#924 A heretic in the halls of finance

If we had any lingering illusions about the global finance system, they came crashing down in 2008 and in the years that followed. As usual, the manipulators landed on their feet and threw the rest of us into the trash bin. And now Martin Scorsese’s popular movie, The Wolf of Wall Street, is playing the corruption behind the crash for laughs.

I am not laughing, but I am paying attention to ways of punching holes in the systems that cling to money and power at the expense of the rest of us. So I appreciate finding Brett Scott on Twitter. He spent a couple of years as a derivatives broker and is currently a fellow at the Finance Innovation Lab, a contributor to major media and author of Heretic’s Guide to Global Finance: Hacking the Future of Money.

He also writes a thought-provoking blog. A recent post took the financial system to task as a “net drain on ecological systems” and explored the idea of applying permaculture principles, which “seek to build up the productive potential of the overall system.” An earlier post linked to a longer article in which he looked at alternative currencies and challenged our misconceptions about the nature of money.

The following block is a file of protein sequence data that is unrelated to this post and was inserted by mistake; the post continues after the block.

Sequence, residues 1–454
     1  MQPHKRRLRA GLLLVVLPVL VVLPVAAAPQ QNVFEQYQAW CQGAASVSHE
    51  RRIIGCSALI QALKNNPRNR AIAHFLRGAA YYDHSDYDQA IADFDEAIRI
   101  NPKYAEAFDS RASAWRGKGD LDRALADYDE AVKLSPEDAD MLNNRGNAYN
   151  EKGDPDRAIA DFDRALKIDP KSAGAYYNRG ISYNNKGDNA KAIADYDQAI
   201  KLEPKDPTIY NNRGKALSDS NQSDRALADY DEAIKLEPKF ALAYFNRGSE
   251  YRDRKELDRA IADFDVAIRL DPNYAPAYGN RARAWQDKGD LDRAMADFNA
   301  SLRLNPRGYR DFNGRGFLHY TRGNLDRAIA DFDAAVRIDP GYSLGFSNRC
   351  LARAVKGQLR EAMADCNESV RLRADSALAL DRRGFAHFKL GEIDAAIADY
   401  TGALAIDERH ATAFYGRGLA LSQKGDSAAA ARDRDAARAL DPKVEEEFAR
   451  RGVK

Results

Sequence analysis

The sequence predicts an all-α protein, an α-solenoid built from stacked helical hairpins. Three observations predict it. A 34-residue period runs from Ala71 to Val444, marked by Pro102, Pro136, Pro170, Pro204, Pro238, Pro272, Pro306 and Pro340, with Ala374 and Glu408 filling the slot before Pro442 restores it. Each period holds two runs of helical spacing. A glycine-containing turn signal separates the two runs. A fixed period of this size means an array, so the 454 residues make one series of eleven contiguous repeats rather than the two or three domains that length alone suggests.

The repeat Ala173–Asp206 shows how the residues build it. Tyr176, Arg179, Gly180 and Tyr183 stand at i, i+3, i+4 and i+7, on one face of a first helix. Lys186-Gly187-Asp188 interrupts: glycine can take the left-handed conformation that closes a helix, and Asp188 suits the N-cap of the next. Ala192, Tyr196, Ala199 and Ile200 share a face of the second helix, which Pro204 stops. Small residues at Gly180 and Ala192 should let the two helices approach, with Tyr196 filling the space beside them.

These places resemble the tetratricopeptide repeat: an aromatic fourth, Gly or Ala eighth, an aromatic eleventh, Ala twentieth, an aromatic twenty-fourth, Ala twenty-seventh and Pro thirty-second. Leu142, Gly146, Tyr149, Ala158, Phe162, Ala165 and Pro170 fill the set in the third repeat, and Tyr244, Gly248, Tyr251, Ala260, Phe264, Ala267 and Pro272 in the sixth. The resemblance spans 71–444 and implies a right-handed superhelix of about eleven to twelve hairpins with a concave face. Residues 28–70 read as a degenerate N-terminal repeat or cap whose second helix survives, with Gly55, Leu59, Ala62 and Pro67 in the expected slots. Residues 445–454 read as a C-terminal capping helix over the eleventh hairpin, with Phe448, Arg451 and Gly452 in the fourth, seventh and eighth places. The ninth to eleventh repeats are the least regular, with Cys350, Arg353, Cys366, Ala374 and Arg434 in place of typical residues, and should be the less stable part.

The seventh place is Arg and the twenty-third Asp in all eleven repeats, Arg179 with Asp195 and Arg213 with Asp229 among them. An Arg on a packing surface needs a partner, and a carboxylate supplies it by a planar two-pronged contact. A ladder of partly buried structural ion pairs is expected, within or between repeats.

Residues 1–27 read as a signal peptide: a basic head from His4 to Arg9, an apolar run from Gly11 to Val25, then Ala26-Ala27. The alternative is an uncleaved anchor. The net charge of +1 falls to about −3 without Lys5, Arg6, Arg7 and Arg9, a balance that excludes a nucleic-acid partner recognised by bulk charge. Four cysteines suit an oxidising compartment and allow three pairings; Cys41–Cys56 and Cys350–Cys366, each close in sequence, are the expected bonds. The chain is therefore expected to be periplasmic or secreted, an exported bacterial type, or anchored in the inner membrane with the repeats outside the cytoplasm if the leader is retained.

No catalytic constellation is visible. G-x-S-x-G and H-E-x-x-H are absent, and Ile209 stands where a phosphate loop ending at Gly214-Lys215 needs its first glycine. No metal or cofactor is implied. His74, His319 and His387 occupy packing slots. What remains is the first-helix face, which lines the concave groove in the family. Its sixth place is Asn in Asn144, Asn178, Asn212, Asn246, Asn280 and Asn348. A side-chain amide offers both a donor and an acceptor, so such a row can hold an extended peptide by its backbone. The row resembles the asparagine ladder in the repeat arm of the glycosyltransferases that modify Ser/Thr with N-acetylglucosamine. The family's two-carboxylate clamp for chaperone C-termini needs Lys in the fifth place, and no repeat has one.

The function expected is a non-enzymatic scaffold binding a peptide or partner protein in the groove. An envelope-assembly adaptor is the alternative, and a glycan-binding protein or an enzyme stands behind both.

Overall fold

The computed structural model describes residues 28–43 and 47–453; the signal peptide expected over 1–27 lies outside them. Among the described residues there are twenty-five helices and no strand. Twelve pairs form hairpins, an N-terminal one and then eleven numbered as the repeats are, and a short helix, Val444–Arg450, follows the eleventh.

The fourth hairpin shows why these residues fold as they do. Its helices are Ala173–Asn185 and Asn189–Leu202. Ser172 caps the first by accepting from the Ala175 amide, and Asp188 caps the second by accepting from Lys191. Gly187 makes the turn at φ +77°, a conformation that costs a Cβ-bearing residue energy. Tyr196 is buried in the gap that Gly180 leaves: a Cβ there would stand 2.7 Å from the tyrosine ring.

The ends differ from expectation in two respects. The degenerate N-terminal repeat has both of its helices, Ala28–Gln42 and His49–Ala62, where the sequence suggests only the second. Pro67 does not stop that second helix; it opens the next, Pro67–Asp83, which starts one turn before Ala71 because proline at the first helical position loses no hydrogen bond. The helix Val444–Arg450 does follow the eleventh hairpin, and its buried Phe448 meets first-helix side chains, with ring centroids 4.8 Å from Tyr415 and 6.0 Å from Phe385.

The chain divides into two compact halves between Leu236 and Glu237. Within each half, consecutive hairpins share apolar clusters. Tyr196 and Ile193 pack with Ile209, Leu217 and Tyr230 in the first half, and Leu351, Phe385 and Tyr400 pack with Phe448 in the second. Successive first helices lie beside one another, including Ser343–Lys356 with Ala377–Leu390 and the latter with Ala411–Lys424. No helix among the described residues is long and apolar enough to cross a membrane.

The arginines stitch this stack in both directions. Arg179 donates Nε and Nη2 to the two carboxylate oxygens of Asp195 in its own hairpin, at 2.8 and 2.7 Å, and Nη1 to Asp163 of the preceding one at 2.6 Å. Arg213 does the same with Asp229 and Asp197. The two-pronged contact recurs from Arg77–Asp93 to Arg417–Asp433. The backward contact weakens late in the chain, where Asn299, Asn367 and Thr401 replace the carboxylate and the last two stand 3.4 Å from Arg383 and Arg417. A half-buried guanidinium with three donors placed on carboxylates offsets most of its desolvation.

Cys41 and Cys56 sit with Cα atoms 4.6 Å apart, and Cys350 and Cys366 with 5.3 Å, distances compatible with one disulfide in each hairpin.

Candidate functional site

Scott’s writings caught my eye in part because just around the corner from where I live a Bitcoin company has sprung up. Bitcoiniacs is better established in Vancouver but still has only a small number of participating merchants there and just one in Kelowna. (I’m wary of the idea but fascinated nonetheless.) It also piqued my interest because of my own unhappy experience with various investments that tanked and my distaste for a finance system that often sees no value in the environment or people beyond what profit can be dug out of both.

I like to shout out people whose view of human potential is not bound by the status quo. There are many examples in this blog, and I am happy to learn about Brett Scott’s “anarchic adventures in arts, activism, anthropology and alternative economics”. He sees the impact we can have by learning how to keep “the financial commons open.” That gives me hope.

You can follow Brett Scott on Twitter and on his blog

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